As I have progressed through college I have found it necessary to look for and invest in the right tools for the tasks I have at hand. I think it is important to be aware of how I work, and test out ways to improve my efficiency.
This is often dangerous, as it is very easy to spend more time trying to find the right tool than actually using some tool to just get the work done. However, it has proven useful for me and I have been able to create a workflow that has helped increase my productivity and my ability to get work done. I would like to lay out some of the ways I have gone through this, and hopefully it will convince the reader to do the same for themselves. Naturally what I have found works for me will not work for everyone else; I just wish to convey that it may be good to self-evaluate what could be better about the way in which you work.
I will start simple and discuss basic health and daily routines. While this may not be considered a “tool” for productivity or work, I believe that it is inseparable from getting work done at a reasonable pace. At a base level, when I eat well and exercise, I get more sleep and feel better in the morning. When I wake up at a good time to shower, shave and brush my teeth, I have a better morning overall and this extends into the day. And throughout this past semester I have taken steps to increase the regularity of this, determining a schedule that helps me feel much better.
The first thing changed was when I woke up and what I chose to do in the morning. Because I start my classes and work each day at 8, I had to make a judgement as to when I would get up in the morning. Some nights I have no choice but to be up until at least 11:30, so despite wanting to be able to workout, shower and eat in the morning, I could not accomplish all of these without sacrificing more sleep than I was willing. I decided on showering and eating, so I began getting up at 6:30 in the morning. Then when the dining halls opened at 7, I could be ready and in line at the omelet bar, ready to enjoy a leisurely breakfast.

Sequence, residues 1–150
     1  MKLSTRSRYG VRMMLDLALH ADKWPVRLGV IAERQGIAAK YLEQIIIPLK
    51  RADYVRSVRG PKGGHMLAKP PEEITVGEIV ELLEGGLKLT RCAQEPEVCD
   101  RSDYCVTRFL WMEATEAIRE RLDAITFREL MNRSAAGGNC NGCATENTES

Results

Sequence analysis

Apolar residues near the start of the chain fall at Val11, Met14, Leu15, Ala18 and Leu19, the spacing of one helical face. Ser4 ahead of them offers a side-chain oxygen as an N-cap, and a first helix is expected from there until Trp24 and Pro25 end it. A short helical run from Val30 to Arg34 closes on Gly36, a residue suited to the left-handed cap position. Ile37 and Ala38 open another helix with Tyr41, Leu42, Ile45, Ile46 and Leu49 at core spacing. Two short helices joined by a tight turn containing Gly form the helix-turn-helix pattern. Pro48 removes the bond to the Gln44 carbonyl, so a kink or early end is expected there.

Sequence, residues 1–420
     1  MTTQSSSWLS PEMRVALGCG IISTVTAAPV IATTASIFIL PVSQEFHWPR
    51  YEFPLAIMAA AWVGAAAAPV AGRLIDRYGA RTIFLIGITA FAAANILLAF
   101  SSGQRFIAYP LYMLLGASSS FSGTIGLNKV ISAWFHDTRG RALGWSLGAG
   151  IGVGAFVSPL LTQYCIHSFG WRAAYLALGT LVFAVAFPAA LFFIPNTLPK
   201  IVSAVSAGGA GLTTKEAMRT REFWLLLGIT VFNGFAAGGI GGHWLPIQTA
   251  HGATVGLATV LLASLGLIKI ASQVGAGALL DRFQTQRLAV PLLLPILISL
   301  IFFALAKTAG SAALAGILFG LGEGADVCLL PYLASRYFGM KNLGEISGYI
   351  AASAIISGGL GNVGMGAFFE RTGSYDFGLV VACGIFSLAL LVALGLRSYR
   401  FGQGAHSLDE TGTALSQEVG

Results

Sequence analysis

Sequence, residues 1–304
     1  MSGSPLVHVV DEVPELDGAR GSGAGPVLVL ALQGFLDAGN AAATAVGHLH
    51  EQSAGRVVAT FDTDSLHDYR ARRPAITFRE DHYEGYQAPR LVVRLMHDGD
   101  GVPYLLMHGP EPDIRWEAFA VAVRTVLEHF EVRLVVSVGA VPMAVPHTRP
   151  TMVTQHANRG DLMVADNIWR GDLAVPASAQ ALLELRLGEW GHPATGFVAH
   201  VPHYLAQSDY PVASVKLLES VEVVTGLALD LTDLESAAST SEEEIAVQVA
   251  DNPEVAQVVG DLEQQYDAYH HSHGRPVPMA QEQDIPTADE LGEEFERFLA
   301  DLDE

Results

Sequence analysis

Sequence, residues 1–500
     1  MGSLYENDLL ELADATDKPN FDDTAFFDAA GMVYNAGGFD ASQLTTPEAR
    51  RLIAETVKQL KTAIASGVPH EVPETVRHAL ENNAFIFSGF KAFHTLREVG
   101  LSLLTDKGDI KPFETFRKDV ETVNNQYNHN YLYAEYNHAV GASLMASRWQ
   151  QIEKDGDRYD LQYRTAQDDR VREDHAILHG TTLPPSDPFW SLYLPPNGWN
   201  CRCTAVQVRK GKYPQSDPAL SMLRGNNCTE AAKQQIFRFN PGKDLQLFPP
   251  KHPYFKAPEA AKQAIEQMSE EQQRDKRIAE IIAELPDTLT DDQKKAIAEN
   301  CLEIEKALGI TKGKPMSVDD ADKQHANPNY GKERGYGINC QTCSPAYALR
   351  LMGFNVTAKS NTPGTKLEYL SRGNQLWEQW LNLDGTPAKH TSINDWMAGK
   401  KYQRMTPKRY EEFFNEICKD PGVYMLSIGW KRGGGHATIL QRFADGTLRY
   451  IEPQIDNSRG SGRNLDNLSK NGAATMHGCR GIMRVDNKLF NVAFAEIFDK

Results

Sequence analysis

My next tool that I have been exploring this semester (and longer) is technology. Last year I had a small Android tablet to carry around with me. For the most part it was nice, since it fit nicely in my hand, I could easily read textbooks and course documents on it, as well as surf the internet or watch videos idly. The battery life was great (especially compared to my phone), and I even had a small keyboard. However, I realized it could not do everything I needed to do and ultimately did not significantly help my productivity. The reason I bought it at all is because my laptop is 17 inches and pushes 5 pounds. It is a behemoth, which I love to have, but hate to carry anywhere. The battery life is miserable to top it all off. Thus the tablet.
When this year came I decided to make a change. I traded in my tablet and got a small 11 inch laptop, thinking I could write up notes and homework on it, do a little programming, respond to emails and just get some work done on the go that would be tedious or impossible to do on my phone or the tablet. For a while this worked wonderfully. I was able to typeset my homework and notes in LaTeX (if you are in math or physics you have probably heard of it; it is just a fancy and efficient way to type math), work on some computer programs, mess around online, read textbooks, everything I wanted to do without needing to be in my room. But then it backfired. I did not spend much money on this computer, and so it began freezing on me regularly while on the internet. Eventually it froze while typing up my homework and I lost a significant amount of work. This was not acceptable. I immediately began researching alternatives and decided on an iPad Air 2. I realized this was what I had been waiting for all this time, the ultimate tool for me to be productive (or just about).